| Down to a Science |

Why Do Things Fall?    

Gravity is the force of attraction that pulls all matter together. Simple, right?
Hello kiddos,

This is Professor Mordy Maven, Thinker, Wonderer, and Figure-Outer of all things Science-ish. What that basically means is I try really hard to figure stuff out. I do the hard work so you don’t have to!

Today, I came home starving, so I sat down to have an after-school snack. As I was carefully placing the jalapeno herring on top of my peanut butter cracker, I reached for the ketchup. Before I could get it, my sister lunged over her highchair, grabbed it, and threw it on the floor. “Down!” she said. I bent to pick it up, and she threw her apple slices and like ten thousand Cheerios on top of my head. “Down! Down!” she screamed, cackling hysterically.

As I brushed Cheerio crumbs out of my ears, I muttered to myself, “Of course, it went down. If you throw something, it’s going to fall down.”

But that got me to thinking. Why do things fall down? Why doesn’t anything ever fall up? I scarfed down my PB and herring and hurried up the stairs to do some research.

My stomach was feeling a little rumbly. Maybe I should have stuck with plain schmaltz instead of experimenting with jalapeno herring? I’m not sure. But anyway, my research indicated that there’s a reason why I have Cheerio crumbs in my ear. And that reason is… gravity.


What’s gravity? Well, gravity is the force of attraction that pulls all matter together. Simple, right? Let me explain a little more.

All objects on earth are made of matter. Matter is anything that has weight and takes up space. (Like my brother. I guess he does matter. Haha!) And anything that’s made of matter will have gravity. For us on earth, having gravity means being pulled down to stay on the earth’s surface.

Different objects have different amounts of gravity or “gravitational pull.” The amount of gravity that an object has depends on how big it is. It also depends on how close you are to that object. So, for example, the sun is much bigger than the earth. (I know, hard to believe, right? But it’s true!) And yet, we all stick to the earth and don’t go flying up to the sun, because we’re closer to the earth, so even though it’s smaller, it still has more gravitational pull on us.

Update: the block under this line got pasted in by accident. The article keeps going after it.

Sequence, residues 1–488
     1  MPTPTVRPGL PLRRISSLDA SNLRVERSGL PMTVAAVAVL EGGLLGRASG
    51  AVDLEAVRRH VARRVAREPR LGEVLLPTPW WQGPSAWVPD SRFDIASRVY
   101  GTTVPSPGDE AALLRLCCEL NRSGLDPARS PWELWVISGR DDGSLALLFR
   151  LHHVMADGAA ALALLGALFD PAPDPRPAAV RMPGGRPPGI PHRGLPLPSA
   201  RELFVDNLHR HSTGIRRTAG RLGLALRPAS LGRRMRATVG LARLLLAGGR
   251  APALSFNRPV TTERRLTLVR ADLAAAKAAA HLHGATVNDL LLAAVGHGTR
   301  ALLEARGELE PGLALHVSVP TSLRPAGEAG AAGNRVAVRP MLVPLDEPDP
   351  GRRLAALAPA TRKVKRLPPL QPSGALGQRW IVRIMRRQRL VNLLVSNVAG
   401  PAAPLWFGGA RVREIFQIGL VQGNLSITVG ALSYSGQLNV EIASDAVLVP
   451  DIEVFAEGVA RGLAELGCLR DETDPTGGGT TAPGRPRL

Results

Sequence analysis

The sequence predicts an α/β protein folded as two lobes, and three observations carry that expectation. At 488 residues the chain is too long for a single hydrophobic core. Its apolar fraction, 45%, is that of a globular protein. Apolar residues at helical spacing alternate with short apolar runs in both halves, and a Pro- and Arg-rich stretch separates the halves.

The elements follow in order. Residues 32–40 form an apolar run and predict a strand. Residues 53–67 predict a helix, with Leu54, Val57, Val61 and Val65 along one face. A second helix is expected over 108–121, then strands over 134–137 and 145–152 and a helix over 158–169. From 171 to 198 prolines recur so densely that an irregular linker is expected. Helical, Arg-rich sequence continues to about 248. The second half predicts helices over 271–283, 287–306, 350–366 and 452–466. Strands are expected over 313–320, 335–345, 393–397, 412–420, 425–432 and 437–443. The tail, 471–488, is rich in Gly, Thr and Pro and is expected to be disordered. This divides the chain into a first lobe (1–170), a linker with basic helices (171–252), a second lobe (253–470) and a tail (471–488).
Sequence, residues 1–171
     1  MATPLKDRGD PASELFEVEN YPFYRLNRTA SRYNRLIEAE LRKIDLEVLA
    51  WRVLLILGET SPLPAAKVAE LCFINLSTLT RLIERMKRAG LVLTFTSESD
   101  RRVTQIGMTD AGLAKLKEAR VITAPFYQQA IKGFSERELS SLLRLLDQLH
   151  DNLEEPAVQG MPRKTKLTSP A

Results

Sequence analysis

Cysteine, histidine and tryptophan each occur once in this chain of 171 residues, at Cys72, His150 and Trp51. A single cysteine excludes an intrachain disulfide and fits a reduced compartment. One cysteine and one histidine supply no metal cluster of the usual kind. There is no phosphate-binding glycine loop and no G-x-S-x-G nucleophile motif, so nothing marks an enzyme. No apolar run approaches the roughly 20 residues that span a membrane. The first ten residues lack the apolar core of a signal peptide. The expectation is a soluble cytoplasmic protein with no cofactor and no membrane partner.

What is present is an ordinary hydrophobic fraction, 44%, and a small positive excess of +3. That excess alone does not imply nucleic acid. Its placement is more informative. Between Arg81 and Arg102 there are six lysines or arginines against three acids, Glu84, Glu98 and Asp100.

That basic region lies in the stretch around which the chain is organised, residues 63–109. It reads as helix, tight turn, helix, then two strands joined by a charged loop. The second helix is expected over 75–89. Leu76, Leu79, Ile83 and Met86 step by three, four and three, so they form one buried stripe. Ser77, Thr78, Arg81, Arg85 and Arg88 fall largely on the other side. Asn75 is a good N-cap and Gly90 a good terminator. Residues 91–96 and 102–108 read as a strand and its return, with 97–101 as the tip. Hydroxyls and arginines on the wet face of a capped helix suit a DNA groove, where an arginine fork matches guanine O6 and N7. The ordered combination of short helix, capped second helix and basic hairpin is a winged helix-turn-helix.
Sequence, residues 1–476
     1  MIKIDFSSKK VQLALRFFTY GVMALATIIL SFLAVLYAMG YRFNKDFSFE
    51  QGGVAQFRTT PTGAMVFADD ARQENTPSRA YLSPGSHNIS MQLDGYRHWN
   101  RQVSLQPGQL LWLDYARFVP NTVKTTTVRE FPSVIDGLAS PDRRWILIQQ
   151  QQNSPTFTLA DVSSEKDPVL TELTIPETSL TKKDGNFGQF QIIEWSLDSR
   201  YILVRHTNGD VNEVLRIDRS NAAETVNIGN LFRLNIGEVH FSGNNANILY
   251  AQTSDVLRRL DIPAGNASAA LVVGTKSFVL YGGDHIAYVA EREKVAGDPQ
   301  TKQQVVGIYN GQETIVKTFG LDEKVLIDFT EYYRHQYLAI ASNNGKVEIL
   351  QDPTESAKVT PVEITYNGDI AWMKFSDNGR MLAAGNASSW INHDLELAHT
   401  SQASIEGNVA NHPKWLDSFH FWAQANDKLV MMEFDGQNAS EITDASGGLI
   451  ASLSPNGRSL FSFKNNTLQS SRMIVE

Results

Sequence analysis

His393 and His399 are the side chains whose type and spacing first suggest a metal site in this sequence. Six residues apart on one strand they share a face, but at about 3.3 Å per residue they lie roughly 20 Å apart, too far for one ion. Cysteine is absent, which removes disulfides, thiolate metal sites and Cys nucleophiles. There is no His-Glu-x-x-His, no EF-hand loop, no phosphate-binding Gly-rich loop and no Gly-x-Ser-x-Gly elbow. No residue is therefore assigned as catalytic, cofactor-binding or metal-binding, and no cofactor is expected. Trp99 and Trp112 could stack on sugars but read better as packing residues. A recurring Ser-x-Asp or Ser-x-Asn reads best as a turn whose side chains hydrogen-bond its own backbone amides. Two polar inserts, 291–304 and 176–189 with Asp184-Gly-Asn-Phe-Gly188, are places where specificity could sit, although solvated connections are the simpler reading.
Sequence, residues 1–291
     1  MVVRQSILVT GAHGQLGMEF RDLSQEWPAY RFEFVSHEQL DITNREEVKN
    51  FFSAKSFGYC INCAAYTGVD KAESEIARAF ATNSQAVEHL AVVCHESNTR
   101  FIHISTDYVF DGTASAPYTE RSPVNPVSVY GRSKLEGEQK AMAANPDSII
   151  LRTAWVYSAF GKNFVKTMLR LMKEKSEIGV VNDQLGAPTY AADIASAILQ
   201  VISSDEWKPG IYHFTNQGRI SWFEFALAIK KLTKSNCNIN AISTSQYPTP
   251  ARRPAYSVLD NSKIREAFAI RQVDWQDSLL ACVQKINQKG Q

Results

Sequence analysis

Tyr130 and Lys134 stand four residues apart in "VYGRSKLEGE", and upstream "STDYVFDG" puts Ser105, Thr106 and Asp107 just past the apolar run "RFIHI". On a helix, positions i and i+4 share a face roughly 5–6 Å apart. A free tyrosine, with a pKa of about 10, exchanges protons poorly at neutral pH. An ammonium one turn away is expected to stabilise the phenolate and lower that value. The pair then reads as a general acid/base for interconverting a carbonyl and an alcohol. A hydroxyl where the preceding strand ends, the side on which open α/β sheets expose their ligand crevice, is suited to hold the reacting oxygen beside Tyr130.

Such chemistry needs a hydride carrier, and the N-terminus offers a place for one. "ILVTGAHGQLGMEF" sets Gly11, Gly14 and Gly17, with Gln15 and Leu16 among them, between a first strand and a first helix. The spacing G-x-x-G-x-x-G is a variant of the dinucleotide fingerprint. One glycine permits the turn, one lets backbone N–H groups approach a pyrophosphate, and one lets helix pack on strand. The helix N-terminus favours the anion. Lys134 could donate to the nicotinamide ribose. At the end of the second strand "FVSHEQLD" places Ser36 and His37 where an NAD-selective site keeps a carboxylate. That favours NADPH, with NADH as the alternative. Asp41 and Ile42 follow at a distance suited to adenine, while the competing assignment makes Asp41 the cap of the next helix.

How do we know about gravity? Well, since the olden days people have wondered what keeps people attached to the ground and not just floating around or flying through space. One day, this guy named Isaac Newton figured it out! He came up with a theory called Newton’s Law of Universal Gravitation.

Gravity is important in our everyday lives because without it we’d need to be strapped down to stay in one place. And if you threw a ball up in the air, it would never come back down! It would just keep floating away into the atmosphere. That would make playing basketball impossible. Also, if we were all strapped down, recess would be way less fun. But gravity doesn’t only affect humans — it affects the whole planet. Gravity keeps the planets orbiting in the right distance from each other. Earth needs to be close enough to the sun so that we can feel its warmth and see it’s light. But if we got too close, it would be dangerously hot for the whole planet. It’s the gravitational pull of the planets that keeps the earth just exactly the right distance from the sun so we can survive without getting burnt to a crisp!

Gravity also determines weight, because weight is actually a measure of the force of gravity on an object and how hard it pulls that object to the earth’s surface. Like I told my mother, “See, you didn’t gain weight over Yom Tov. You just got more gravity!” I thought I was being nice, but she didn’t seem too pleased. Oh well!

Gravity affects the ocean tides because high and low tides are caused by the moon’s gravitational pull on the oceans. So, as you can see, gravity is really important in every part of our world.

To sum it up, gravity is the reason my sister’s Cheerios fell down into my hair and didn’t float up into her nose. (But I don’t think gravity can explain why I feel like I’m about to “throw up” my herring snack.)


Here are some fascinating facts about gravity:

Astronauts are not pulled by the Earth’s gravity. That’s why things float all around in spaceships. And without the force of gravity pushing down, astronauts’ spines relax and stretch out. People in space actually get taller!

Different planets have different amounts of gravity, and gravity affects weight. So, someone who weighs 100 pounds on Earth will weigh 16.6 pounds on Mars and 252.8 pounds on Jupiter!

A little round magnet has enough electromagnetic force to resist gravity and stay stuck on your fridge without falling down. Go, magnet!


(Originally featured in Mishpacha Jr., Issue 897)

Oops! We could not locate your form.